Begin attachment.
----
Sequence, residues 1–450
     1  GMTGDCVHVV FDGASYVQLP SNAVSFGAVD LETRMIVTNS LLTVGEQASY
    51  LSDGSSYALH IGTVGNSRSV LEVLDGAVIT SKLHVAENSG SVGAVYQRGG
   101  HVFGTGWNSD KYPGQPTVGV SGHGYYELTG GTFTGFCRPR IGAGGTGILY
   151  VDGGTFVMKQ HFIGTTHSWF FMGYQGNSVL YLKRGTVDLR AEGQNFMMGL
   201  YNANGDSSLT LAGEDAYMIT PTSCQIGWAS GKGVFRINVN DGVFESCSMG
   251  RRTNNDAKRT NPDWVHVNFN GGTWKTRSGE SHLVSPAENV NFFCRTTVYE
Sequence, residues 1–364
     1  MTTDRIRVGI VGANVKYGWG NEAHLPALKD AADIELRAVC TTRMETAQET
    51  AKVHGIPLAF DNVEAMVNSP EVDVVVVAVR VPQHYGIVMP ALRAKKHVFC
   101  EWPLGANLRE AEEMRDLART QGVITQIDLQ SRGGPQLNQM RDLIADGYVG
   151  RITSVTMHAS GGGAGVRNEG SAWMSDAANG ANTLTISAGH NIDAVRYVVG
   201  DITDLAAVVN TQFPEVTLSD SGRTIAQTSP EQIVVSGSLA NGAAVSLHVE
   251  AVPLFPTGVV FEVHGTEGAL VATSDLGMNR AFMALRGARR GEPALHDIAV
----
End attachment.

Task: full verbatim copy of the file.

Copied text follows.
Sequence, residues 1–450
     1  GMTGDCVHVV FDGASYVQLP SNAVSFGAVD LETRMIVTNS LLTVGEQASY
    51  LSDGSSYALH IGTVGNSRSV LEVLDGAVIT SKLHVAENSG SVGAVYQRGG
   101  HVFGTGWNSD KYPGQPTVGV SGHGYYELTG GTFTGFCRPR IGAGGTGILY
   151  VDGGTFVMKQ HFIGTTHSWF FMGYQGNSVL YLKRGTVDLR AEGQNFMMGL
   201  YNANGDSSLT LAGEDAYMIT PTSCQIGWAS GKGVFRINVN DGVFESCSMG
   251  RRTNNDAKRT NPDWVHVNFN GGTWKTRSGE SHLVSPAENV NFFCRTTVYE
Sequence, residues 1–364
     1  MTTDRIRVGI VGANVKYGWG NEAHLPALKD AADIELRAVC TTRMETAQET
    51  AKVHGIPLAF DNVEAMVNSP EVDVVVVAVR VPQHYGIVMP ALRAKKHVFC
   101  EWPLGANLRE AEEMRDLART QGVITQIDLQ SRGGPQLNQM RDLIADGYVG
   151  RITSVTMHAS GGGAGVRNEG SAWMSDAANG ANTLTISAGH NIDAVRYVVG
   201  DITDLAAVVN TQFPEVTLSD SGRTIAQTSP EQIVVSGSLA NGAAVSLHVE
   251  AVPLFPTGVV FEVHGTEGAL VATSDLGMNR AFMALRGARR GEPALHDIAV